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ARS Home » Pacific West Area » Wapato, Washington » Temperate Tree Fruit and Vegetable Research » Research » Publications at this Location » Publication #410296

Research Project: Integrated Approach to Manage the Pest Complex on Temperate Tree Fruits

Location: Temperate Tree Fruit and Vegetable Research

Title: Using stink bug migration behavior for physical exclusion

item Marshall, Adrian
item BEERS, ELIZABETH - Washington State University

Submitted to: Environmental Entomology
Publication Type: Peer Reviewed Journal
Publication Acceptance Date: 3/11/2024
Publication Date: 3/25/2024
Citation: Marshall, A.T., Beers, E.H. 2024. Using stink bug migration behavior for physical exclusion. Environmental Entomology.

Interpretive Summary: Stink bugs are a group of plant feeding insects that includes many important pests of crops. Recently, Washington state apple growers have been experiencing increased levels of stink bug damage. Growers rely on late summer insecticide applications for stink bug control which has not been effective and can cause outbreaks of other pests. This study found that stink bugs move into orchards and cause damage before growers are applying insecticides. It also showed that building a net barrier at the orchard border stopped some stink bugs from getting into the orchard. This research updates when apples are at risk of stink bug damage and provides growers an alternative to insecticides for control.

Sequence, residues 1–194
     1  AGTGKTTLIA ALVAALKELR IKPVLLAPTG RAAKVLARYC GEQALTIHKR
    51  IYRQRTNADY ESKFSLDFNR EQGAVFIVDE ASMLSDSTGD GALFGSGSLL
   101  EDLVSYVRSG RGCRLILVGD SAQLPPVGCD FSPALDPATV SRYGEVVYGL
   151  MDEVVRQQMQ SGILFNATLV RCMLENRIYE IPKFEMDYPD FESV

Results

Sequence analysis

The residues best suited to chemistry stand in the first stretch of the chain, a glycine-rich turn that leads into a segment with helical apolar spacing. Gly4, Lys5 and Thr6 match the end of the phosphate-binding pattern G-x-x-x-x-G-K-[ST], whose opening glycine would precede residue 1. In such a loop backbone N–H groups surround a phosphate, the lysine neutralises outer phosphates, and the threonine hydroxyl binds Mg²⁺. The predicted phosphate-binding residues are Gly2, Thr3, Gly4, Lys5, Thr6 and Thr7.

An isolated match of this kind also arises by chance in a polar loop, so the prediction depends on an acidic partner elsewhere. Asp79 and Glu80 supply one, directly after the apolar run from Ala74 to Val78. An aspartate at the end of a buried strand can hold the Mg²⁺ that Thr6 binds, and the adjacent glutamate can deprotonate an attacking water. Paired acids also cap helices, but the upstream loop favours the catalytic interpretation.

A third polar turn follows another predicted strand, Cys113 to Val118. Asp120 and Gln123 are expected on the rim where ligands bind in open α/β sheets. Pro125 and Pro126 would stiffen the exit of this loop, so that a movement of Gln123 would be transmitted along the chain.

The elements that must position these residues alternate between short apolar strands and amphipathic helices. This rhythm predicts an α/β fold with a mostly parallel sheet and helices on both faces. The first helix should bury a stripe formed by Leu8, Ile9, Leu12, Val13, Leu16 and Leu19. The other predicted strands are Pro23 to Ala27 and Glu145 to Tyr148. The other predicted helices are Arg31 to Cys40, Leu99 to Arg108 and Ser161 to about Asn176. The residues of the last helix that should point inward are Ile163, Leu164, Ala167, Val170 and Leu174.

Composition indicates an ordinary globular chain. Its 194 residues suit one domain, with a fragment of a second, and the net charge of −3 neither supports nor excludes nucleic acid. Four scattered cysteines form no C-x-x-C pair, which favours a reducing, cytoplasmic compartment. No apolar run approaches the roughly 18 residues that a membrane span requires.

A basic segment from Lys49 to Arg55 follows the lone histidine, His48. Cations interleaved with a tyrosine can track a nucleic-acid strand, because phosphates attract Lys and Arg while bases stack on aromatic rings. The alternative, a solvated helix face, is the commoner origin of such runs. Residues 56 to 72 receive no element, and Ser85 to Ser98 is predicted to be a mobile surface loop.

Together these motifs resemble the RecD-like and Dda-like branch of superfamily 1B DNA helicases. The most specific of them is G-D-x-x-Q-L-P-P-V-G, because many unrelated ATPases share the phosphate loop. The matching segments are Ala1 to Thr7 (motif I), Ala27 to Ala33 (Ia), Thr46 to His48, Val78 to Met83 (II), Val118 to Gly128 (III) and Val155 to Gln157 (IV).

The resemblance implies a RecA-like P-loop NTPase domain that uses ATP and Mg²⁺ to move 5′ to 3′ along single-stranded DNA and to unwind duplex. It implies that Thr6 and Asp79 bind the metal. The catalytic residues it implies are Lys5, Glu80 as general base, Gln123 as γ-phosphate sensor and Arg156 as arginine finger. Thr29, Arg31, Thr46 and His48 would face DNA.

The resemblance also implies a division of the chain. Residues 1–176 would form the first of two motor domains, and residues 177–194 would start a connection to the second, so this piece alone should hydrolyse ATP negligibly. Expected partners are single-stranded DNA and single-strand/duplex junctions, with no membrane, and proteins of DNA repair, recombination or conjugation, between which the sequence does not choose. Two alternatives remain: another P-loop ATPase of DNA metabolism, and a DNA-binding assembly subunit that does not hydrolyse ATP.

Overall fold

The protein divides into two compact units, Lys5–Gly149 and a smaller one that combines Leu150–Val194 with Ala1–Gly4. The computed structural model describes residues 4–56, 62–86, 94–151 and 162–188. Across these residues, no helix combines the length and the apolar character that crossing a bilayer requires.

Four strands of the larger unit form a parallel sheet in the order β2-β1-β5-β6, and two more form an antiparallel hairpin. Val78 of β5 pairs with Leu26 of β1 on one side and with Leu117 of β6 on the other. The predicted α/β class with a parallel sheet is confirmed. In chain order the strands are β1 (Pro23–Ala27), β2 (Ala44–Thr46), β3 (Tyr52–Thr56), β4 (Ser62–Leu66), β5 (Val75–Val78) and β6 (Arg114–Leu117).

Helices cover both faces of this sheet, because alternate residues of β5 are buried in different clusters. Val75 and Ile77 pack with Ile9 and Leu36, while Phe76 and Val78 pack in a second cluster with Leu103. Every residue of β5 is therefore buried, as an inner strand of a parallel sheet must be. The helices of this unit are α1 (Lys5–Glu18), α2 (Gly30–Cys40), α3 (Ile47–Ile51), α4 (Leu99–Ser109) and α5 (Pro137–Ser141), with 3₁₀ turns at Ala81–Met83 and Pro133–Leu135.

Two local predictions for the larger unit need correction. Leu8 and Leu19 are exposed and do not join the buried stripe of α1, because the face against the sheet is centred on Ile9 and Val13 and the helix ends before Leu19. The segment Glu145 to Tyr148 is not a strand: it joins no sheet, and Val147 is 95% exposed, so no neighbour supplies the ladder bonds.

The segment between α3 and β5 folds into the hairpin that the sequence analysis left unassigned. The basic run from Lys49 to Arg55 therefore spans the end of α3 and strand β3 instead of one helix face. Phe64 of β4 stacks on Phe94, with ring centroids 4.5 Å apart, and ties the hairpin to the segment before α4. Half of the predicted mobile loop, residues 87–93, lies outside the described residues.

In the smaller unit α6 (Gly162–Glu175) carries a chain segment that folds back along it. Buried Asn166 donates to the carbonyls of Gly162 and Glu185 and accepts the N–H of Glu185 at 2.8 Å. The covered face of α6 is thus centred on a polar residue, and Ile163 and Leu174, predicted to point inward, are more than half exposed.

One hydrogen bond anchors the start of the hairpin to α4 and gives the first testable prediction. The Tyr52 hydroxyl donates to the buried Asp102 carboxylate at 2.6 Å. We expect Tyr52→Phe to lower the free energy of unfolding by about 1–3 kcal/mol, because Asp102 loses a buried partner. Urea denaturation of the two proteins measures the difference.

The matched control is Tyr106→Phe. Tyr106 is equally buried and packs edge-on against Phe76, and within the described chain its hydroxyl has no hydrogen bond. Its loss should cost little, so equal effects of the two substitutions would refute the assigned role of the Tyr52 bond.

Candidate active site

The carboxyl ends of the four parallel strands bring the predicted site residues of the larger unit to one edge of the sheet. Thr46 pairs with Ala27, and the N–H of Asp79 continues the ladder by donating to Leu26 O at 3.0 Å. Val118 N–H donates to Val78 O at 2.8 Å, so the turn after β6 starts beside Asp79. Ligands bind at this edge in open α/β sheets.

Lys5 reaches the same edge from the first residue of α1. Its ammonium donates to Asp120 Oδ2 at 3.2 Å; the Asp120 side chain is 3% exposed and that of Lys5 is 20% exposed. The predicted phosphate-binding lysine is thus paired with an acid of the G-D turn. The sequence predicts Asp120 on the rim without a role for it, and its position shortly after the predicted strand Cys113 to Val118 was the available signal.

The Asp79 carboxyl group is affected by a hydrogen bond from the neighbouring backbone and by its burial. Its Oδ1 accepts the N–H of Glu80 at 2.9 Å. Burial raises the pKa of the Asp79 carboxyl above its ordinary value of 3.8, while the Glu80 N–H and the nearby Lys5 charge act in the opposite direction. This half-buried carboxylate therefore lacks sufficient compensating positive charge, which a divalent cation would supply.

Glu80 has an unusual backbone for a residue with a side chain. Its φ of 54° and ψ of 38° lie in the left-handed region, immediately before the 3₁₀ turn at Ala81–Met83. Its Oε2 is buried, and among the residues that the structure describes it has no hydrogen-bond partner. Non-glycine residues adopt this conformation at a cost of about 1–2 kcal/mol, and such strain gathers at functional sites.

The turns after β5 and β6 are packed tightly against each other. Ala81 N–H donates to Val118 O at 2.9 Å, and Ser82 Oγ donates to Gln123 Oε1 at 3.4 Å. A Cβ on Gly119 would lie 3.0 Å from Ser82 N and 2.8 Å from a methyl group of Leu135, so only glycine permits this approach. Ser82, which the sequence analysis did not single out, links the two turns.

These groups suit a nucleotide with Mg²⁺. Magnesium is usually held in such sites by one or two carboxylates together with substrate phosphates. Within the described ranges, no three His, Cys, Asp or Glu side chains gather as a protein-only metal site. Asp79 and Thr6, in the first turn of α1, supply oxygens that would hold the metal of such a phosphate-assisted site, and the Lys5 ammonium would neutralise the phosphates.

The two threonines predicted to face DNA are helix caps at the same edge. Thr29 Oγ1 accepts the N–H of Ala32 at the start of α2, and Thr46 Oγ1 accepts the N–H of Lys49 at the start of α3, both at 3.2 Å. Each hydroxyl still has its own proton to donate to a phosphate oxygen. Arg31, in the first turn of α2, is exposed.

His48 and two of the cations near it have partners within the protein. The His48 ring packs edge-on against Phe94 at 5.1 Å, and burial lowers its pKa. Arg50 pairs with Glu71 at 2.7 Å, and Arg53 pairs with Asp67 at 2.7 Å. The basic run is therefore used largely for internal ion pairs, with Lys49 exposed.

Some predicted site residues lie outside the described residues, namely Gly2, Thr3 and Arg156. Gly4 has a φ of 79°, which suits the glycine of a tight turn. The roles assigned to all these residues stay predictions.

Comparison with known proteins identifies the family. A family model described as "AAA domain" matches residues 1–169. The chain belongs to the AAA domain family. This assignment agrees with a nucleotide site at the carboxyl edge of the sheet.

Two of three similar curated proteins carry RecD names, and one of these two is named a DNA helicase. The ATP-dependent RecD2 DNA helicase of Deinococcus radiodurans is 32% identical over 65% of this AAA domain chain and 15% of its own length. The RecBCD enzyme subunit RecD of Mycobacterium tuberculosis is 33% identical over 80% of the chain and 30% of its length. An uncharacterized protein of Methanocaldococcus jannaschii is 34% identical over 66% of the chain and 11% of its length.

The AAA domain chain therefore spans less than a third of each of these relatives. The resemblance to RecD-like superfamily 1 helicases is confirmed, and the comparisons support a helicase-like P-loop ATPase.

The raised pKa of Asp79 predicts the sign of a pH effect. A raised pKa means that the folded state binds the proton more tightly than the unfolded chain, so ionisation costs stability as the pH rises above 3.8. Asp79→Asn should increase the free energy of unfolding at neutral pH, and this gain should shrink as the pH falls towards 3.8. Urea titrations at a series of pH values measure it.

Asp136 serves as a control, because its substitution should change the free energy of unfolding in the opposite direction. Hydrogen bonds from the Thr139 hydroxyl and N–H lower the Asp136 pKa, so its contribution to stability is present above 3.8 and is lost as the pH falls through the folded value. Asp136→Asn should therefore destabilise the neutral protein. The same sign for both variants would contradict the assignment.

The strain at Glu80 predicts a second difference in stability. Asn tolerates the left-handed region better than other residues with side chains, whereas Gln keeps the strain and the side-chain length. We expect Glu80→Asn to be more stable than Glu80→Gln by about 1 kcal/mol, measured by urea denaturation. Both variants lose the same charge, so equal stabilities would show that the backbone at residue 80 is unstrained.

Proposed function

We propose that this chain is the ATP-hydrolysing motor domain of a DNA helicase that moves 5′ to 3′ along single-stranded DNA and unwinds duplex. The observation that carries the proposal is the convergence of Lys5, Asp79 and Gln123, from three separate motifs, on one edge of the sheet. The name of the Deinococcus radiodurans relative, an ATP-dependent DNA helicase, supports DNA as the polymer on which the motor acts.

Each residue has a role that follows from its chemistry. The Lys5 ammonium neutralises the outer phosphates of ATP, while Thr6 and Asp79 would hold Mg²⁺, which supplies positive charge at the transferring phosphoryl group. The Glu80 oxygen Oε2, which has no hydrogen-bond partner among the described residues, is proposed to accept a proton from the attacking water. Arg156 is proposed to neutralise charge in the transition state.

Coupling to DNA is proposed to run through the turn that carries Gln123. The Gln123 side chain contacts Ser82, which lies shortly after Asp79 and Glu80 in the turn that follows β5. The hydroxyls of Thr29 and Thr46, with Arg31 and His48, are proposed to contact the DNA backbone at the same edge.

Technical Abstract: Stink bugs have become an increasing concern for tree fruit growers due to changing management strategies and the introduction of an invasive species. The use of broad-spectrum insecticides for stink bug control disrupts biological control and leads to secondary pest outbreaks. To seek alternative tactics, we investigated the physical exclusion of native stink bugs with single-wall net barriers at orchard borders. First, stink bug capture on clear sticky panels along orchard edges showed that movement between the native shrub-steppe vegetation and the orchard occurs for much of the growing season instead of the presumed single migration event in August. Most stink bugs were captured between 1 m and 3 m heights, signifying a 4 m exclusion barrier would intercept migrating bugs. We tested large net barriers (4 m × 23 m) constructed of plain netting with or without deltamethrin-infused netting in flaps compared to a no-net control. The capture of target and nontarget arthropods was determined with plastic tarps below the nets or on the open ground of the control. Net barriers did not directly affect stink bug densities in the orchards, although orchard populations were low overall. Barriers did intercept stink bugs, and the addition of deltamethrin flaps enhanced stink bug mortality but at the price of nontarget arthropod mortality. Our results indicate that stink bug management efforts should focus earlier in the growing season and given the long period of migration, barriers are a more sustainable way of slowing movement into the orchard than the current sole reliance on chemical control.